Osgood-Schlatter Disease in Children: Care Instructions
Osgood-Schlatter disease is a common problem for older children and teenagers. It usually happens when a child is growing a lot and their leg bones get longer.
This problem causes pain and swelling in the shin bone below the knee (patella). It can happen in one or both legs. The pain may come and go. In some cases, it lasts more than a year. It usually stops when your child stops growing a lot. After it stops, your child may have a painless bump on their bones.
There are things your child can do to feel better. Ice may help. So can limiting sports and activities that put pressure on the knee. Your doctor may also recommend pain medicine, leg stretches, or a pad to protect the painful area.
Follow-up care is a key part of your child's treatment and safety. Be sure to make and go to all appointments, and call your doctor or nurse advice line (811 in most provinces and territories) if your child is having problems. It's also a good idea to know your child's test results and keep a list of the medicines your child takes.
How can you care for your child at home?
- When your child has pain, rest the sore leg.
- Put ice or a cold pack on the knee for 10 to 20 minutes at a time. Put a thin cloth between the ice and your child's skin.
- Give acetaminophen (Tylenol) or ibuprofen (Advil, Motrin) for pain. Read and follow all instructions on the label. Do not give two or more pain medicines at the same time unless the doctor told you to. Many pain medicines have acetaminophen, which is Tylenol. Too much acetaminophen (Tylenol) can be harmful.
- Let your child play sports and be active. This will not cause any long-term problems. If your child plays a sport with a lot of squatting or kneeling, they may have too much pain. Help them find a different position on the team or try a different sport until their pain is better.
- Have your child wear knee pads or patellar straps when playing sports or doing activities that put pressure on the knee.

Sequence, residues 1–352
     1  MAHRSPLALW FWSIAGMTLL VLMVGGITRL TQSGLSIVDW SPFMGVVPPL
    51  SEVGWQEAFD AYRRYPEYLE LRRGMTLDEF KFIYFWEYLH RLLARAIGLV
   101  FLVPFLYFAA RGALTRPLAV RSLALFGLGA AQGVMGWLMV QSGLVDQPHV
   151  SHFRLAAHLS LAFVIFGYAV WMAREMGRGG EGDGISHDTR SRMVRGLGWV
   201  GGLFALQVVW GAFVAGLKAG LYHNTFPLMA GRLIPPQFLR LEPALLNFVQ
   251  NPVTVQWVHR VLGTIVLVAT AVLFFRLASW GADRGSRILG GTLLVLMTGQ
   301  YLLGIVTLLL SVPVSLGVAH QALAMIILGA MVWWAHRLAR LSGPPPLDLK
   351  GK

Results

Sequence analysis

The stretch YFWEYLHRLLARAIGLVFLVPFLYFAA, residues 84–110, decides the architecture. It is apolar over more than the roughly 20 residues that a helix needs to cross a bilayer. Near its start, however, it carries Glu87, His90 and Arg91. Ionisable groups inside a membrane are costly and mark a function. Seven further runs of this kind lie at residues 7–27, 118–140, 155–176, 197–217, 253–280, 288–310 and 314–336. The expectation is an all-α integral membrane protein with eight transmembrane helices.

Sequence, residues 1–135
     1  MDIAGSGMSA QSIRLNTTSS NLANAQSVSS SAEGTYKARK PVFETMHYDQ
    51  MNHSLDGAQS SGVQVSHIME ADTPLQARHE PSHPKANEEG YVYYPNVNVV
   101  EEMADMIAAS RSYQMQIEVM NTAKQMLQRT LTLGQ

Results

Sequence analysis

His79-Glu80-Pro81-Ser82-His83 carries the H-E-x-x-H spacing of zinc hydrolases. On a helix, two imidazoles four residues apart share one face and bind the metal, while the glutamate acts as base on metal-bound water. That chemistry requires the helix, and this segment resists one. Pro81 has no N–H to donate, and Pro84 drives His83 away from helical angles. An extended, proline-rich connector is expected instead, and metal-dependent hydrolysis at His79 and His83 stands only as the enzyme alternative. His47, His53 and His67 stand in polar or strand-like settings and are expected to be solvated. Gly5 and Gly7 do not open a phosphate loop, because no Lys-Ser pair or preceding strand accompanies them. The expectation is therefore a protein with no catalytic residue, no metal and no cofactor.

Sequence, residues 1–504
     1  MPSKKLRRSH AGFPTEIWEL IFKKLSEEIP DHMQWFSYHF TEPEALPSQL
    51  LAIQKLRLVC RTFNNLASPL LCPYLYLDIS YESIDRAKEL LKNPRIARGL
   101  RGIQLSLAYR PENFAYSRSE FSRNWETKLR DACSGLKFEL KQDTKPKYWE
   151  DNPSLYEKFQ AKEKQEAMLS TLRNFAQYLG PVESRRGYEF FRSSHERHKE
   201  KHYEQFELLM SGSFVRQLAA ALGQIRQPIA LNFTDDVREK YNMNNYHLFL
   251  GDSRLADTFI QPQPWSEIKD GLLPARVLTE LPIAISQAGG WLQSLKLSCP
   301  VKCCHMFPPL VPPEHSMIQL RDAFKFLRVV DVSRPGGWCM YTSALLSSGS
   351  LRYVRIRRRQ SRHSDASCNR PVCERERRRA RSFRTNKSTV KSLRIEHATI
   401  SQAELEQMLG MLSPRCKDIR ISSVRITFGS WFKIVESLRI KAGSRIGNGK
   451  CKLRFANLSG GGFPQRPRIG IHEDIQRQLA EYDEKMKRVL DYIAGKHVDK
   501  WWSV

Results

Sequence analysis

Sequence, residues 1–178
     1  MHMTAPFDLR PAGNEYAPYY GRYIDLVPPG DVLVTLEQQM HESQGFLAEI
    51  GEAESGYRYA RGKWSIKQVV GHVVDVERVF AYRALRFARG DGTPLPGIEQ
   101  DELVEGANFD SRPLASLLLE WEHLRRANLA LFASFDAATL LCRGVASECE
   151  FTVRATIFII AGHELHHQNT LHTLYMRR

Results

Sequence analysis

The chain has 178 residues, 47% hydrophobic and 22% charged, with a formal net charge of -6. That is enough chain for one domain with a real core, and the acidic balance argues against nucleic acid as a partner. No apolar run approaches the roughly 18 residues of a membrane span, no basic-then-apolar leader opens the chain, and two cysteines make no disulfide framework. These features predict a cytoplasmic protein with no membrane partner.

- Have your child do simple stretches. This will help keep your child's legs flexible. Here are two that may help.
- Quadriceps stretch: Your child lies on their side with one hand supporting the head. Your child bends the upper leg back and grabs the ankle with the hand. Then your child stretches the leg back. Hold the stretch at least 15 to 30 seconds, and repeat 2 to 4 times. Then your child should change sides and stretch the other leg.
- Hamstring stretch: Your child sits on the floor with the right leg extended out straight, the knee slightly bent, and the toes pointing toward the head. Your child bends the left leg so that the left foot is next to the inside of the right thigh. Your child leans forward from the hips, and reaches for the right ankle. Your child should not try to touch their forehead to the knee. Hold the stretch at least 15 to 30 seconds, and repeat 2 to 4 times. Then your child should change sides and stretch the other leg.
When should you call for help?
Call your doctor or nurse advice line now or seek immediate medical care if:
- Your child has increased or severe pain.
Watch closely for changes in your child's health, and be sure to contact your doctor or nurse advice line if:
- Your child does not get better as expected.
Where can you learn more?
Go to https://www.healthwise.net/patientEd
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Current as of: March 9, 2022